In addition to affecting our cognitive functioning, carbohydrate consumption indirectly affects our mood. Carbohydrate increases the amount of insulin circulating in our bloodstream, and insulin increases the uptake of branched-chain amino acids in muscle tissue, thereby decreasing amino-acid competition across the blood-brain barrier. The amino acid tryptophan can then move more easily across the blood-brain barrier into the central nervous system, where it is converted to our feel-good neurotransmitter, serotonin.

Because we can manipulate our neurotransmitter production and, therefore, mood through carbohydrate consumption, one may wonder if people self-medicate through food. Indeed, many scientists believe that some people reach for carbohydrate-rich foods to make themselves feel better when they are experiencing a sour mood or depressed state of mind (Obesity Research, 1995; Suppl 4:447S-480S; Appetite, 1998; 11 Suppl 1:42-47). The link between using carbohydrates to enhance serotonin production is further amplified by the observation that prescription drugs that increase serotonin reuptake or transmission can lead to a decrease in carbohydrate consumption in some people (Journal of the American Dietetic Association, 1984; 84:1,004-1,007; Appetite, 1998; 11 Suppl 1:42-47). In fact, some physicians use selective serotonin reuptake inhibitors to help control binge eating, overeating and bulimia (Advances in Therapy, 2005; 22:278-283).

Serotonin needs vitamin B6

Because vitamin B6 is necessary for the conversion of tryptophan to serotonin, one might wonder if B6 is a rate-limiting substrate in this process, and if taking more can enhance serotonin production, making us feel happier and less depressed (“Modern Nutrition in Health and Disease,” 9th edition, 1999, 413-421). However, studies show that B6 supplementation does not relieve symptoms of depression in individuals suffering from depression (Contraception, 1997; 55:245-248).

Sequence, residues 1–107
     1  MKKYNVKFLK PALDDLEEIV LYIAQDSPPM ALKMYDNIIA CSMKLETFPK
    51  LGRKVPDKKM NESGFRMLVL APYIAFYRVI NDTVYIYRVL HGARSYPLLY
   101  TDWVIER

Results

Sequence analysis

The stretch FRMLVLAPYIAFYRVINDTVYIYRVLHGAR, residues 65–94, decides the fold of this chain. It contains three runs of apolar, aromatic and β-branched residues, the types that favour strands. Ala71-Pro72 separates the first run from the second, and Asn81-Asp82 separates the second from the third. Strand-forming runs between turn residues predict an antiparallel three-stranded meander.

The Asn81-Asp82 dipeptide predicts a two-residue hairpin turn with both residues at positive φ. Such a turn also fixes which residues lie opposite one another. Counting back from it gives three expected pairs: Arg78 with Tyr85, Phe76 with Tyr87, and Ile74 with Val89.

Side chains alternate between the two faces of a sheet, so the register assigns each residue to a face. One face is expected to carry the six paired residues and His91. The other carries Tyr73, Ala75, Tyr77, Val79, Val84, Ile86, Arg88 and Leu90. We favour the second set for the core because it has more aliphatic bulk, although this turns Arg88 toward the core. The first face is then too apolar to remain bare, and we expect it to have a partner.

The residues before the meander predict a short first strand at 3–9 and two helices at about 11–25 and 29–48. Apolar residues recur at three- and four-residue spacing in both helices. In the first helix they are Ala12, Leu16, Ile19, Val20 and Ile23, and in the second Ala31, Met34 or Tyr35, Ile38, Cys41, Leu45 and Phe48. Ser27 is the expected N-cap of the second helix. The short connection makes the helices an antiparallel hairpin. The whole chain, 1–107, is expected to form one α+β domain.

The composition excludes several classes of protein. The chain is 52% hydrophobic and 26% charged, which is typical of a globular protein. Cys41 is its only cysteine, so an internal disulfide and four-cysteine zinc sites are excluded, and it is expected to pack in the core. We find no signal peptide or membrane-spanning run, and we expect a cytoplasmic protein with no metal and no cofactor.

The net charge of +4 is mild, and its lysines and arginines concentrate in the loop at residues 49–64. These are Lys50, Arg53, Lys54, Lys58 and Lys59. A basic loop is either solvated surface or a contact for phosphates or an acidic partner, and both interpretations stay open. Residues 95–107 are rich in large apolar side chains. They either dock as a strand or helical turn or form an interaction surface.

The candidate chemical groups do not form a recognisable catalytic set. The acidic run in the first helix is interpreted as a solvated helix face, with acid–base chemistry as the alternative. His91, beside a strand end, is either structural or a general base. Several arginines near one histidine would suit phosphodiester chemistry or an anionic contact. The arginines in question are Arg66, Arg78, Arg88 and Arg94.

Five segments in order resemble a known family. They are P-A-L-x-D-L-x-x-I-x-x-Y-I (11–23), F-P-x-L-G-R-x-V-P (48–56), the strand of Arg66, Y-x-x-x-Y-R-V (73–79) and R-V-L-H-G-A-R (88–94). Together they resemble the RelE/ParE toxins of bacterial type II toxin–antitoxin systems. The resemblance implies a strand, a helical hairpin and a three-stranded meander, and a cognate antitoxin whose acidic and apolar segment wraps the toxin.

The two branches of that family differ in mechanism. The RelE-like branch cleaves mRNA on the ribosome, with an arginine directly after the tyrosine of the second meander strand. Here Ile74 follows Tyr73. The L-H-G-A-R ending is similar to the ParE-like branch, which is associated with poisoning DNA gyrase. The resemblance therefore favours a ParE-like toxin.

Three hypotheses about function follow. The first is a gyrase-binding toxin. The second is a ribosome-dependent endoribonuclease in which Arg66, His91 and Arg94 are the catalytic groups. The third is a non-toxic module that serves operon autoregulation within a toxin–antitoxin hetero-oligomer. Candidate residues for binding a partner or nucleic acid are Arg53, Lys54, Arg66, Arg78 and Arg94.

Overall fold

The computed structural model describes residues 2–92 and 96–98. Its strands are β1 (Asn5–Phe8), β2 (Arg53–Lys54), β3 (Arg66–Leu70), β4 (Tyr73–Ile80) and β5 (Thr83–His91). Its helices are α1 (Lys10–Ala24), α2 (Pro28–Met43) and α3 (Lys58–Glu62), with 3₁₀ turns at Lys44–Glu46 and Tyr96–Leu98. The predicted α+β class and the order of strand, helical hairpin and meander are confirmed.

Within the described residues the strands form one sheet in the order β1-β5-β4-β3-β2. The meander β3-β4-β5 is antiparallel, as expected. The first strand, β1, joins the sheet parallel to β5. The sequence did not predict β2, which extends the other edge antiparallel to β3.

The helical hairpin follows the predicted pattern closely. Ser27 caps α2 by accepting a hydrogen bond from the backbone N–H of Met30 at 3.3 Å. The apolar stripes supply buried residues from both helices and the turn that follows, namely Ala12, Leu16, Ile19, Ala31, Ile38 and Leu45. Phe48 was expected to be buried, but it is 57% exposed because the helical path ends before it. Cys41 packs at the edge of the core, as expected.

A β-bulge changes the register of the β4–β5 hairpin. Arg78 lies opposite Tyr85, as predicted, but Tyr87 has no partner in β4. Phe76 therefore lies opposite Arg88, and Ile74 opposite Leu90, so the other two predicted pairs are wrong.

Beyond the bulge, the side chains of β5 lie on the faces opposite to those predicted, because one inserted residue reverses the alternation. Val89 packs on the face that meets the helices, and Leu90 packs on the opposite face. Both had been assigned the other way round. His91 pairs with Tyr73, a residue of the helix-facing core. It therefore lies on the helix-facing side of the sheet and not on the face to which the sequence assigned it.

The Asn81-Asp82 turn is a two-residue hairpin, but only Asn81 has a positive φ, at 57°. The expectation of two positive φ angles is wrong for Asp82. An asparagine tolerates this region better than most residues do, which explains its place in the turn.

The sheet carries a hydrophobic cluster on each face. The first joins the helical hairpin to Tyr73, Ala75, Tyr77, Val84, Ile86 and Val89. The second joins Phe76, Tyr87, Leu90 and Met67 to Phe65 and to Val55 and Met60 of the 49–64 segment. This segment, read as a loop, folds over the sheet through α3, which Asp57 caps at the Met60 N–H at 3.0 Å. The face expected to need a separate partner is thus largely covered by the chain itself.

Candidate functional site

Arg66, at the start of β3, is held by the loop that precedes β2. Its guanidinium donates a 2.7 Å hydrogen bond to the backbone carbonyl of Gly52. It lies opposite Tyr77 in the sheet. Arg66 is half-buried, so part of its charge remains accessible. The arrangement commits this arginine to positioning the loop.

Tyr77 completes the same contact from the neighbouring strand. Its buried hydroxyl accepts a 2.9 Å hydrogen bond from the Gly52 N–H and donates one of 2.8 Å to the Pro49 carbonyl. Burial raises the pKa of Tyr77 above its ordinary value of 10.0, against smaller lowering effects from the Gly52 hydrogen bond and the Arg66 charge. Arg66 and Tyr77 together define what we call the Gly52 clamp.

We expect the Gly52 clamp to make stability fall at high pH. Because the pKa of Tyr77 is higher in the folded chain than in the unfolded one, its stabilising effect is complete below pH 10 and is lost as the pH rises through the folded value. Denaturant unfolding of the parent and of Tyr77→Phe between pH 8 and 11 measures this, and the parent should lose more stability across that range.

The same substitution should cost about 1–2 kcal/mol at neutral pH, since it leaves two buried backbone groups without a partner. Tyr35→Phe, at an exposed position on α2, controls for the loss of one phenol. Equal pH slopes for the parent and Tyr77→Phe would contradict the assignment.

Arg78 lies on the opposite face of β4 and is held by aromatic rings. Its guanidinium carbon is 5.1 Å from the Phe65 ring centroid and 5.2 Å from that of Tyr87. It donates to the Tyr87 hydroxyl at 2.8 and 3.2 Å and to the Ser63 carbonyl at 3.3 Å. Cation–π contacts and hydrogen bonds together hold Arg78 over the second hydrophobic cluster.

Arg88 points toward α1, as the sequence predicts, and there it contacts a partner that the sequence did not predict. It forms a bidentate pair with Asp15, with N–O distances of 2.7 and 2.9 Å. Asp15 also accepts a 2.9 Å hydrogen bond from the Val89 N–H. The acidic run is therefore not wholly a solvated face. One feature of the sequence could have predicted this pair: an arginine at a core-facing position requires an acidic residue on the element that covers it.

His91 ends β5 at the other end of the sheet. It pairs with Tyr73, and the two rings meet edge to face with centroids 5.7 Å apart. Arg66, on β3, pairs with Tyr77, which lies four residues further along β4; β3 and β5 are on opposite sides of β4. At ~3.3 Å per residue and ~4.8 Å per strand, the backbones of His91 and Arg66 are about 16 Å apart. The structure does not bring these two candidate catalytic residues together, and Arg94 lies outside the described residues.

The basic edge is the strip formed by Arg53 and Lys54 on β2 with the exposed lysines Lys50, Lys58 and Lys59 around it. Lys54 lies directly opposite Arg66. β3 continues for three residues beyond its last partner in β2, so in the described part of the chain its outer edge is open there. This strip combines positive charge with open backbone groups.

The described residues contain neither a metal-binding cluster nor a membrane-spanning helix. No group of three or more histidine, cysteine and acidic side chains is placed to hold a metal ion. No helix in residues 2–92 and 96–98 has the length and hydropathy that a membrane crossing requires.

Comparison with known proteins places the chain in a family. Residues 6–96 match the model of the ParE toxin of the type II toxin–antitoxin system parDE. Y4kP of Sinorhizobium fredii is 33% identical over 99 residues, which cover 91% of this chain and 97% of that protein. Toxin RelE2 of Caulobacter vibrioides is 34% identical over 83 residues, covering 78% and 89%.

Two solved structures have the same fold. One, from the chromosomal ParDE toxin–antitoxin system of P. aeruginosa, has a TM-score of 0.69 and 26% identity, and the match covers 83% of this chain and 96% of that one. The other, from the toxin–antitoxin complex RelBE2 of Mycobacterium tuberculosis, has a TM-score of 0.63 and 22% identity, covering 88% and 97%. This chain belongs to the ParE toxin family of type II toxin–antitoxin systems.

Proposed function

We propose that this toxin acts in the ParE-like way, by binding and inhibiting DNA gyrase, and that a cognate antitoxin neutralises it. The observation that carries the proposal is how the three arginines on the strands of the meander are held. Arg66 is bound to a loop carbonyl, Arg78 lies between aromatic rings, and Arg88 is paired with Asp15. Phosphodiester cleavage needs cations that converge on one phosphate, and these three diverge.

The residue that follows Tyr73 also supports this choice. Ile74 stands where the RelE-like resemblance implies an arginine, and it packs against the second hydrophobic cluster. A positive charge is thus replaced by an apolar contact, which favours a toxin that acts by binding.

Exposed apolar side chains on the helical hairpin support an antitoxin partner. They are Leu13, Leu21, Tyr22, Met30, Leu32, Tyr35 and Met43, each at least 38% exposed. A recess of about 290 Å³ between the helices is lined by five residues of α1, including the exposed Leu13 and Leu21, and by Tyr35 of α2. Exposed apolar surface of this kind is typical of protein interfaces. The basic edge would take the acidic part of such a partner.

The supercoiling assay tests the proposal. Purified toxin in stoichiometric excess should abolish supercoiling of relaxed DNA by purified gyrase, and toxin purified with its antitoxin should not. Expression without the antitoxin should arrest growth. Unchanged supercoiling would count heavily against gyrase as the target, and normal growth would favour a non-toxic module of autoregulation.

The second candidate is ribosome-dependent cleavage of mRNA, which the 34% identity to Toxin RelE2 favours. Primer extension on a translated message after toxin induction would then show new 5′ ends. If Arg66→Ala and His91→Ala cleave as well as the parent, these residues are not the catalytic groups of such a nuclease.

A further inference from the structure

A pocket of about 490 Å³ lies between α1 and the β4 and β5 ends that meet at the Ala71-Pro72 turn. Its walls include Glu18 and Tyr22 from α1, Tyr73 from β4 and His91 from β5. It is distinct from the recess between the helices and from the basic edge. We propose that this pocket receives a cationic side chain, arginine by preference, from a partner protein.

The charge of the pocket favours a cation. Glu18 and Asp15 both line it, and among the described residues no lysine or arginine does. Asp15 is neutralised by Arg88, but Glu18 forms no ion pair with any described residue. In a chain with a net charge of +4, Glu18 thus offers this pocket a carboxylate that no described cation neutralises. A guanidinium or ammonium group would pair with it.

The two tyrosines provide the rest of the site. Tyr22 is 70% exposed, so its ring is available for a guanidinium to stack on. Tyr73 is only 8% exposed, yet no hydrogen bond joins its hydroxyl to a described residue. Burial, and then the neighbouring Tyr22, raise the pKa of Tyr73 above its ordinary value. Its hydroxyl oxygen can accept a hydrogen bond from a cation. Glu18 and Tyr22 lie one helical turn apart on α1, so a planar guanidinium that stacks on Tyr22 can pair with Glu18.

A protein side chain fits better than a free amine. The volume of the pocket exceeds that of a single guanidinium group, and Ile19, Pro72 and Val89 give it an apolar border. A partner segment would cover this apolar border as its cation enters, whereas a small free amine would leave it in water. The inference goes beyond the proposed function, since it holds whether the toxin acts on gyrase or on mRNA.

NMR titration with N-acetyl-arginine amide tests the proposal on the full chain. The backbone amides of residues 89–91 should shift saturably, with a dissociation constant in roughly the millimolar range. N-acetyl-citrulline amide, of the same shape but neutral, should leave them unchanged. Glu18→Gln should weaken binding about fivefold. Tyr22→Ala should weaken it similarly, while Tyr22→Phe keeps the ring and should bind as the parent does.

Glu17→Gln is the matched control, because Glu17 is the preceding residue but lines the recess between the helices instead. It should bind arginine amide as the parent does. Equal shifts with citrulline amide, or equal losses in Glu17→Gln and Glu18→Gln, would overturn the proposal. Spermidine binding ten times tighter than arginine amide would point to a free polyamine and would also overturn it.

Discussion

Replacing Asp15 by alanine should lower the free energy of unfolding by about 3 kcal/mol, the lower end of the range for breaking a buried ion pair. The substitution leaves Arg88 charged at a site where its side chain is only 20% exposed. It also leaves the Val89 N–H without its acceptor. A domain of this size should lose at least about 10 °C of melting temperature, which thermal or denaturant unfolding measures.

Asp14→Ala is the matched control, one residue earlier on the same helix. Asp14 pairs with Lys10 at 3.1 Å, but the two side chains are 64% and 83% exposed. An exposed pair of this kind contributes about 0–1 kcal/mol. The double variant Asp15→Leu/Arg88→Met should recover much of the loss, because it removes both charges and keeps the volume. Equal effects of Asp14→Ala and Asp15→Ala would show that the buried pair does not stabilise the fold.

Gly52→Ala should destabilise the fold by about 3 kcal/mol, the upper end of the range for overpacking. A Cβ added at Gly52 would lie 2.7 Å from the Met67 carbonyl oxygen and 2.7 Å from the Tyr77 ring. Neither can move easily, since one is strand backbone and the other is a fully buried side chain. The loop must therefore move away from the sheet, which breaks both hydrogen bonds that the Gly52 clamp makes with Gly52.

Chocolate comforts

Commercials tell us that the smooth, creamy mouthfeel of chocolate will leave us feeling relaxed, without a care in the world. Is there any truth to these marketing messages? Some people crave chocolate and experience greater arousal and pleasure from just looking at images of chocolate (Biology and Psychology, 2005; 70:9-18). In addition to differences in chocolate cravings, those who are experiencing higher scores of depression reach for chocolate more often (Archives of Internal Medicine, 2010; 170:699-703). There’s a plausible reason for this: Eating chocolate can improve a negative mood, although it seems to have no effect on a positive or neutral mood (Appetite, 2007; 49:667-674).

Despite the immediate lift in mood some experience after eating chocolate, this elated state of mind is transitory (Journal of Affective Disorders, 2006; 92:149-59) and can immediately turn to feelings of guilt in those who believe certain foods will damage their efforts to lose or maintain weight (Appetite, 2006; 46:332-336).

Scientists believe that people use food to cope with stress and improve their mood. However, we vary tremendously in our cravings for certain foods, based on our state of mind and how we handle stress and our feelings. Emotional eaters actually have different responses in the feel-good sections of their brains to food, or even the anticipation of food, than non-emotional eaters (International Journal of Eating Disorders, 2009; 42:210-221), making fighting the urge to self-medicate potentially more difficult in emotional eaters.

No comments: